It’s the end of the day and the heavily, layered fabrics weigh you down. Your prop slides through sweat-slicked hands in fading sunlight, while make-up once perfect leaves streaks on your face. The convention is over, your first cosplay is a success and you’ve tallied up the amount of times you were asked for a picture. Score for being recognized!
To best explain cosplay to the uninitiated, it is perhaps easiest — though often misleading — to mention Trekkers or Trekkies, those Star Trek fans who are well known for donning the costumes of various Federation personnel and their enemies. Essentially, cosplay is the act of dressing up as favorite characters from a favorite series, whether they be from anime, manga, novels, video games, television shows or movies.
Cosplaying can be as fun as it can be stressful. It involves much time management, learning new skill sets and the ability to adapt to unknown (and often baffling) situations.
My first attempt at creating a costume came some years back. The subject was Harry Potter. Two and a half weeks after school began, my friends and I realized Halloween was fast approaching. Every day for the weeks leading up to that spiritual, ghost-filled night, I could be found bunkered in my friend’s basement. I told my parents I was studying.
Which, of course, I was. Right.
Long flowing black fabrics, colorful ribbons, painful needles stuck in fingers and sanding of wands. There were several magical… realizations that came right off the bat. Mathematics really is a necessity in real life.
I know, boo, but true.
Finding the circumference of the bottom of a cloak, for example, required a certain lovely formula (c = π ∗ d), as did the amount of fabric required to invert towards the shoulders and the dimensions of the hood. Who knew making clothes was so difficult?
Entering this world, I learned the basics of sewing and how to use a machine, the necessity of keeping said machine oiled and greased and ready for use, how to create pleats and cloaks and ties, brushing up my 1+1 skills and that not everything has to be done from scratch. This light bulb moment came to my friends and I after completing the wands – after having sanded four of varying lengths and thickness for hours on end. Once the wands were deemed “almost done”, a friend who happened to play the drums commented that as drumsticks are already tapered at the end, it would have been much easier to buy the sticks, rather than the dowels. Insert face plant.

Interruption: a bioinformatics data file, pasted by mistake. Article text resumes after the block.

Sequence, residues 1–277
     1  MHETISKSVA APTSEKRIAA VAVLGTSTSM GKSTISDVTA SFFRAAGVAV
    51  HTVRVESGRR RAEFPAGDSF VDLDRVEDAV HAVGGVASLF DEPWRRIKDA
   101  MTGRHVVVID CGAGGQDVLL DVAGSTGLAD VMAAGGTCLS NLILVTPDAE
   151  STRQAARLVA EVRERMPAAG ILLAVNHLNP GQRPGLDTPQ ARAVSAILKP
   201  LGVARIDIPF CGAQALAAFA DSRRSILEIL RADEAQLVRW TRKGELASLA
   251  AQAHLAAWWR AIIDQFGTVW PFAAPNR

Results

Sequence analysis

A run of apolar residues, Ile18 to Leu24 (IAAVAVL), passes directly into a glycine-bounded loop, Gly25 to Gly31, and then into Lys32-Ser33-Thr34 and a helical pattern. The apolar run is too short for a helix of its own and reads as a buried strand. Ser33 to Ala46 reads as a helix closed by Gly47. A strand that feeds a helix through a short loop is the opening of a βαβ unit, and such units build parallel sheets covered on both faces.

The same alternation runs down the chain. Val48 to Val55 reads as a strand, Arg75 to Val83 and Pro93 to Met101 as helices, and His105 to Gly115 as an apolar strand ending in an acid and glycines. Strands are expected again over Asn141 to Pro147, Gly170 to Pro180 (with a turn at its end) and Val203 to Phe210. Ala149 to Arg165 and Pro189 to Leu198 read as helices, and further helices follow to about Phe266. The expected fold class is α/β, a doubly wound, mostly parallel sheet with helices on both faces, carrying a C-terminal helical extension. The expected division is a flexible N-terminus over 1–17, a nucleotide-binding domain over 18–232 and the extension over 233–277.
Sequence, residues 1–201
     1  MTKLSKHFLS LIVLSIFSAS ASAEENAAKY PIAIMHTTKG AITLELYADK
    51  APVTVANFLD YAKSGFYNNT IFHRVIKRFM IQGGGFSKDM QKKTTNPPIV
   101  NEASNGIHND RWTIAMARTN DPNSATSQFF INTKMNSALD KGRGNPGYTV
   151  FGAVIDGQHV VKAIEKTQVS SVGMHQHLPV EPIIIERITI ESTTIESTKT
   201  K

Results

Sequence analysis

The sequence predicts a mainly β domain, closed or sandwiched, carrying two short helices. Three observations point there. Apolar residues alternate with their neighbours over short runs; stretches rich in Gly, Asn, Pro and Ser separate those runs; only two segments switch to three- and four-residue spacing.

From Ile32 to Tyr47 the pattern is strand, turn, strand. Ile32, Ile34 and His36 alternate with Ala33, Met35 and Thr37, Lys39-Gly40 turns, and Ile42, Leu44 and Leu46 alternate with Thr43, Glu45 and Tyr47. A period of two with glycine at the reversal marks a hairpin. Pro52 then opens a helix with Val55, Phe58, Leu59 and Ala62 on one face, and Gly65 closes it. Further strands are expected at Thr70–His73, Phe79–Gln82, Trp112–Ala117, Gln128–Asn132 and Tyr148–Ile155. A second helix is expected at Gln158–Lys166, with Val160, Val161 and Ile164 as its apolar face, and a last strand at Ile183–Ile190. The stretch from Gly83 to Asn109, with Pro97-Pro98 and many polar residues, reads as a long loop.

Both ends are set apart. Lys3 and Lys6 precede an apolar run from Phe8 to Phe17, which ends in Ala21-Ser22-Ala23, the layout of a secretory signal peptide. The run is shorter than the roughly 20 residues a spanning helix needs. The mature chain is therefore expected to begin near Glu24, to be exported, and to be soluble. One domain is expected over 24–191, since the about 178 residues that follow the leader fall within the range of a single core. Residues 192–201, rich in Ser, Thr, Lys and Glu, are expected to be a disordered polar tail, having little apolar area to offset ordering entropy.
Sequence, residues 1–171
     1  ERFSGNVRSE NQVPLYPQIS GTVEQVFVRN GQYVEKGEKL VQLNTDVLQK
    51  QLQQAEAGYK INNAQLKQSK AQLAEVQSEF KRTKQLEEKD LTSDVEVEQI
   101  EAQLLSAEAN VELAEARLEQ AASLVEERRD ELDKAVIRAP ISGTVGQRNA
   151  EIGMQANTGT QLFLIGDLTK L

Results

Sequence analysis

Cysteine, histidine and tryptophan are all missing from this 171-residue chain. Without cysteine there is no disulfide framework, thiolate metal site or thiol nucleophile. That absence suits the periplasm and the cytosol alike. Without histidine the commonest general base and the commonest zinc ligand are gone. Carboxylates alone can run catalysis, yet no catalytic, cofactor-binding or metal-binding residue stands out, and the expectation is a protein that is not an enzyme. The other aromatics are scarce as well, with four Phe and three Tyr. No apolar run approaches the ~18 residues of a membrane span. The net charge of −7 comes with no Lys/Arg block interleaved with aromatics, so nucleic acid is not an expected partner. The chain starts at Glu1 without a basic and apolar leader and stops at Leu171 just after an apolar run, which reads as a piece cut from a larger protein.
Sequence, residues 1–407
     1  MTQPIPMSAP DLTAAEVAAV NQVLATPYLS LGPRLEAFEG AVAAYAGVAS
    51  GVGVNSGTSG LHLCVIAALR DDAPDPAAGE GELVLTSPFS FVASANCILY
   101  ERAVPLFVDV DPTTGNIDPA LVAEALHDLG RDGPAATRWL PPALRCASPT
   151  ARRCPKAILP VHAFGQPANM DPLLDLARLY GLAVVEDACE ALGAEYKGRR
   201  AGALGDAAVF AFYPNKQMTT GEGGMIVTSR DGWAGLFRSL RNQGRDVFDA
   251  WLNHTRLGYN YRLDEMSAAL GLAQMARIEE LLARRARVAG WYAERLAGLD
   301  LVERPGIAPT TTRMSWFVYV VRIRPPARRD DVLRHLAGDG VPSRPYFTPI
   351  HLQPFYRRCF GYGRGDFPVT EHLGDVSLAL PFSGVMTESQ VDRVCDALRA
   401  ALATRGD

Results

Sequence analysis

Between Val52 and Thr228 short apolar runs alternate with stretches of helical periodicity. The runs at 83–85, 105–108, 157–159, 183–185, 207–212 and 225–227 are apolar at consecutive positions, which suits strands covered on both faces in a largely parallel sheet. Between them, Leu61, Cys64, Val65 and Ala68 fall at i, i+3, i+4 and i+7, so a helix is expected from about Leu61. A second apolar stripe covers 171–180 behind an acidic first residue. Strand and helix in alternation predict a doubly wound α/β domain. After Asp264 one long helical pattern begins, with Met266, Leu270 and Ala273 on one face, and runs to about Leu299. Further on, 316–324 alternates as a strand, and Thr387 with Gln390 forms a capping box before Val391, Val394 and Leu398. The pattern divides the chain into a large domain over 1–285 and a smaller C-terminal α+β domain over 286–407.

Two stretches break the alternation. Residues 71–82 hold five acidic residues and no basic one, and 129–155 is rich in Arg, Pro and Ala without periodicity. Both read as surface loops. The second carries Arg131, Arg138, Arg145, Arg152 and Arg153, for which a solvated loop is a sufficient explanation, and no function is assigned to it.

We did learn after that and reused old white blouses, bought knee length socks and fought dust-infested closets for old clogs. We also borrowed old ties from our Daddy Dearests. When our costumes were completed, we not only ended up winning our school costume contest (and given props for them being hand-made), but they are still frequently used for each Harry Potter premiere. Oddly, none of us ended up wearing the Gryffindor colors.
In that same year, not too long after that first successful cosplay outing, I ventured into my first anime cosplay. It would be the second time attending Anime North, Canada’s premiere anime convention, and we were absolutely psyched. A group of friends and I had fallen in love with the anime series Naruto, the year before it hit international television and the mass appeal had yet to make its way towards young teenage boys wanting to be ninjas and teen girls infatuated with emo characters.
Our group had many of the main characters: Naruto, Sasuke, Neji, Tenten, Hinata, Shino, Ino and so forth. We were young, enthusiastic and creative; all invaluable assets when beginning the journey of cosplay. After our awe-struck drooling from the year prior, the idea to cosplay lingered indefinitely in our minds. It was at this time we learned about the limitless possibilities of cosplay and a certain set of life skills that is usually hard to come by otherwise.
According the accepted conventions of ranking, a cosplayer begins as a novice, and depending on how talented you are with your fingers, a sewing needle or machine and glue, you rise to the rank of journeyman. From there your choices of anime, manga, video games or movies become more intricate; more difficult. You take another leap to become an artisan. Years pass by, bloodied fingers are a thing of norm and before you know it, the rank of master is labeled.
A master is not made by the length of time they’ve cosplayed, but by the minute details and striking features of the costume they’ve made. At least, that’s my definition. I have seen the work of masters whose costumes should be labeled as a journeyman at best.
If you’ve never cosplayed before, I recommend it. For all its challenges, it is a really fun activity to share with your friends. However, I do have some words to the wise for anyone considering starting out…
– When you’re a novice, don’t pick an anime, manga, or video game that is overwhelmingly detailed. You’ll only end up strangling yourself with the expensive (and completely unnecessary) fabrics you’ve decided to buy. Choose something that is feasible. Naruto, despite all its latest drama and confusion, was once upon a time a wonderfully exciting manga to read. The costumes are simple, yet completely unique to each character. Done properly, the cast is easily put together.